Walter Dean Myers' Fallen Angels makes a useful counterpoint. Compare Myers' protagonist, Richard Perry, describing a soldier just arriving in Viet Nam:

"One of the new guys who came in was from Fort Dix. He looked like one of the characters in an Archie Andrews comic, but he was so scared it wasn't funny. He told us his name was Jenkins." (p. 20 Fallen Angels)

            In Fallen Angels, Myers' character, Richard Perry, tells about his tour of duty in Vietnam. Perry is educated, and, like Ponyboy Curtis, well-read, yet his description of the new guy in the platoon, while sparse, accomplishes a great deal. Reference to the Archie comic books not only brings readers into the 60's with Perry but allows us to participate in the description of the character. We add our own details to Jenkins with our own mental references to Archie, Reggie and Jughead.

Sherry Garland suggests that dialogue can be used to convey the setting of a novel:
". . .dialogue is a shortcut that eliminates the need for long passages of description." (p. 133) 

Both Hinton and Myers present their novels' settings through the use of dialogue. Myers sets his novel's scene in the first two pages, preparing the reader in a matter of three sentences:

                        "Somebody must have told them suckers I was coming."
                        "Told who?" I asked.
                        "The Congs, man. Who you think I'm talking about?" (p.3)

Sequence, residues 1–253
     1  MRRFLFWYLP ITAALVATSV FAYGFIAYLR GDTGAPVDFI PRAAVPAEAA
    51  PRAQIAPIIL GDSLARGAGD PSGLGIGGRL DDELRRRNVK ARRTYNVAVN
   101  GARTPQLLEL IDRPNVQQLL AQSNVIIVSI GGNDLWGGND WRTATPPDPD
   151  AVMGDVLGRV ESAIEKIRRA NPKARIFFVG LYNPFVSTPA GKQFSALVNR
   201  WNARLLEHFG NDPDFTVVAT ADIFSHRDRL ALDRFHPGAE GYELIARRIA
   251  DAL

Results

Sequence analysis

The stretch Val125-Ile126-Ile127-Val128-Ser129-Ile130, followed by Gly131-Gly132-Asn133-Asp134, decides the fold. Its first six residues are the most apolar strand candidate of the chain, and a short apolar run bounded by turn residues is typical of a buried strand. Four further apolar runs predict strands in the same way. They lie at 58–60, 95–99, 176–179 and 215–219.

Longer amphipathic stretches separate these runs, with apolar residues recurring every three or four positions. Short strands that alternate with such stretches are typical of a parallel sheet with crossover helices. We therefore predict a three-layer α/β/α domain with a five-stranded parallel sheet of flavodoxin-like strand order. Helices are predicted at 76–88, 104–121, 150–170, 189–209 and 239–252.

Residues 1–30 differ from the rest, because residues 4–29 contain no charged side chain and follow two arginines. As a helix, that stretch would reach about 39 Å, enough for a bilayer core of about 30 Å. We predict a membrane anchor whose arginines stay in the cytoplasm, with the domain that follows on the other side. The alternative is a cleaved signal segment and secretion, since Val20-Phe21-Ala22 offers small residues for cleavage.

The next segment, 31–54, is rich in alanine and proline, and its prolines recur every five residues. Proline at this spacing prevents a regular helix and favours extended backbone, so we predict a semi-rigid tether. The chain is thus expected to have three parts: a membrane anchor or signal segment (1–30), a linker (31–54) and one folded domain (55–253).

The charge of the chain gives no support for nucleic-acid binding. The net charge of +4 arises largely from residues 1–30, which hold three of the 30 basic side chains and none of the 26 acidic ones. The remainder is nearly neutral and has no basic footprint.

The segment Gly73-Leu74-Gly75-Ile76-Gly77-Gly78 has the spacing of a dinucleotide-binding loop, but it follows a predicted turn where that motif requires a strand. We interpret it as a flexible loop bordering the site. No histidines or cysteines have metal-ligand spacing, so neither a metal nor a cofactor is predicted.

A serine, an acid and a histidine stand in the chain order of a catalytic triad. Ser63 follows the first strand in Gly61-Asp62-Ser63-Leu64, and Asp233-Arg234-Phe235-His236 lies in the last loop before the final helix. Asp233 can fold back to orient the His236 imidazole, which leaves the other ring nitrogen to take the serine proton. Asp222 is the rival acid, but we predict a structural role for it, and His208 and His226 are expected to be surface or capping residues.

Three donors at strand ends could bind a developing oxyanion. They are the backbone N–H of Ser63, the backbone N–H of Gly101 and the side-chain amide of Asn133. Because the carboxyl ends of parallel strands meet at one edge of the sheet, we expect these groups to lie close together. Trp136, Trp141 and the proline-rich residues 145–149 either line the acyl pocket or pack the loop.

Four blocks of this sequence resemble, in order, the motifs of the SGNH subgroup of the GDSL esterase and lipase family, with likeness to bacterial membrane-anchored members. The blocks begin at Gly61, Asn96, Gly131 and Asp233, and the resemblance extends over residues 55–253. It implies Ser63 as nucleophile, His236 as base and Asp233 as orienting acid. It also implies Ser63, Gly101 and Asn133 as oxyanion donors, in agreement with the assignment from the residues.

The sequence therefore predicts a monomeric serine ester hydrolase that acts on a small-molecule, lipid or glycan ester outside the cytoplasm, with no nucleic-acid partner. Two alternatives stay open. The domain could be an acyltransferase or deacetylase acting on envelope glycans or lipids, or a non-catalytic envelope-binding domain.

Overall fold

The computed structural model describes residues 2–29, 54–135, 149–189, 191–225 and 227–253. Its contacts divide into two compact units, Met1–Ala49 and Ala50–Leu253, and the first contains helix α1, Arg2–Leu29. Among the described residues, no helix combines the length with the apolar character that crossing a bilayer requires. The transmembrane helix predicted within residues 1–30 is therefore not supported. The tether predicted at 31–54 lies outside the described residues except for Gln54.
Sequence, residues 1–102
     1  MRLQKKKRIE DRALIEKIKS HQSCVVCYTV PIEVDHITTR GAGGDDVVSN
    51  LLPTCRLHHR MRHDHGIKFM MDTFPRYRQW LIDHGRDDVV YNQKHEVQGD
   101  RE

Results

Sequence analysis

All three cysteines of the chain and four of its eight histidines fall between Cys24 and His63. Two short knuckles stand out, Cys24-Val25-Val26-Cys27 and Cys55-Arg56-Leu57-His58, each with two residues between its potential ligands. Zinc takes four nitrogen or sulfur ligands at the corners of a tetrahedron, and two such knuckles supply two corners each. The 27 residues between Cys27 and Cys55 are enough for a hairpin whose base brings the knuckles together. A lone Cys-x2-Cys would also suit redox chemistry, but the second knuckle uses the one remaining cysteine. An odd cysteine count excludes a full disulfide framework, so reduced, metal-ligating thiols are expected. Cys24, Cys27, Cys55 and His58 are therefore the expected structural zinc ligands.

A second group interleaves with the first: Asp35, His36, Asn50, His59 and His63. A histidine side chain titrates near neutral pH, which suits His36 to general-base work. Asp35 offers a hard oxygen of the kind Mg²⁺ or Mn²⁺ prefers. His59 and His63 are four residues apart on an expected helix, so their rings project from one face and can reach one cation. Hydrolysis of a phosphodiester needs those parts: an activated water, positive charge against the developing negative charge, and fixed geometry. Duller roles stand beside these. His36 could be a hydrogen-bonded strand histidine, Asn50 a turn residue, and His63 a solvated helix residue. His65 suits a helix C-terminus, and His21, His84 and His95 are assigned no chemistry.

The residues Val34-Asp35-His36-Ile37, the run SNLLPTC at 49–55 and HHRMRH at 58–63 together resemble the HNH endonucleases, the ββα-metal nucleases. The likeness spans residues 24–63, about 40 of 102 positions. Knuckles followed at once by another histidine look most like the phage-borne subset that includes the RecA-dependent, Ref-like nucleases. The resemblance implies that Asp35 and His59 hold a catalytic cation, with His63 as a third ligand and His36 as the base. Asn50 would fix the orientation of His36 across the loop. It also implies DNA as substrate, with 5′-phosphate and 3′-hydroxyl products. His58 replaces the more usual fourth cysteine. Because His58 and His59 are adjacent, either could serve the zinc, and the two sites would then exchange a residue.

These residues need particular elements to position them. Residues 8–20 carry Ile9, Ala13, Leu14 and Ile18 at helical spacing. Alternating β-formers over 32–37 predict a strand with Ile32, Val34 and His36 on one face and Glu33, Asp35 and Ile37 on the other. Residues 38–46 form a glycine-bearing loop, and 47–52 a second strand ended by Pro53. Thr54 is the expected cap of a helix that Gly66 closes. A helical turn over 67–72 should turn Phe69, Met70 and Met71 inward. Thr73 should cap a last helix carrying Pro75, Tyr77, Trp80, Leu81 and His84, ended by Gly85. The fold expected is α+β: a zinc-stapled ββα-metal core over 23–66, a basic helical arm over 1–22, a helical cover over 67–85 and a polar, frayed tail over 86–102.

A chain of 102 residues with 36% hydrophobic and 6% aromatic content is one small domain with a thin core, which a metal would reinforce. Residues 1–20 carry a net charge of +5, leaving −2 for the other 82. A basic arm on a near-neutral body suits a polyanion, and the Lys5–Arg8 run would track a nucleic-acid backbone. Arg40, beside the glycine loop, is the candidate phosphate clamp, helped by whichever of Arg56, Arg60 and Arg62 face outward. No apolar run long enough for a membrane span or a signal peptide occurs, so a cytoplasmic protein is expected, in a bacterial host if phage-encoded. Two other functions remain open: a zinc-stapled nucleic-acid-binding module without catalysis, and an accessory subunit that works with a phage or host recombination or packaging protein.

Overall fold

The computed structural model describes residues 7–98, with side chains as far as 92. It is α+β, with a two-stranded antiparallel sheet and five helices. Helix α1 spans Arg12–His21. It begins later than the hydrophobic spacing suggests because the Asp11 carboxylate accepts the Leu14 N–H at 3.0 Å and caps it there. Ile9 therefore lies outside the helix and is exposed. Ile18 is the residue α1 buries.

I read thirty-one pages of The Outsiders before I realized that the setting was not New York City:
                        "Didn't he use to ride in rodeos?  Saddle bronc?"
            "Yeah. Dad made him quit after he tore a ligament, though. We still hang around rodeos a lot. I've seen you two barrel race. You're good." (p.31)

            Now I can't say that Hinton misleads her audience with suggestions that the setting is specifically New York, but neither does she indicate until the sentences above where the story is set. Bits of description spread throughout the book hint at least at a Big Apple-type setting until suddenly, rodeos are part of the conversation. Once again, I'm catapulted right out of the story while I let my brain process this new information. The knowledge essentially becomes a red herring. Rodeos, horses, and riding are barely mentioned again and have no place in the plot. In an interview, Hinton mentions that she is from Tulsa, Oklahoma. "Write what you know?"  Maybe, but the section reads like an afterthought ("Oh!  Maybe I ought to put something about the setting here.")

            Myers writes what he knows, too. Richard Perry, like the young Walter Dean Myers, is from Harlem and is in the Army. The difference is Myers doesn't ever pull me out of Viet Nam when he is providing this background information.

            Hinton's novel was published in 1967 and is supposed to deal with contemporary themes. Myers' Fallen Angels was published in 1988 but deals with the Vietnam War during 1967-1968. I would have been within the same age-group as the protagonists in both novels, yet I could not relate to the characters in The Outsiders. It was not because I had never been a member of a "greaser" gang. I never fought in Vietnam either. It shouldn't matter. Myers’ book does a better job of "You are there."

            That’s what you want to accomplish, too.  You want your first person story to take the reader intimately along for the protagonist’s ride.  Without throwing the reader out of the story.


Barbara said...

So many people do first person badly, but when you find someone who does it well, you can count on a great read.

I'm Jet . . . said...

I agree.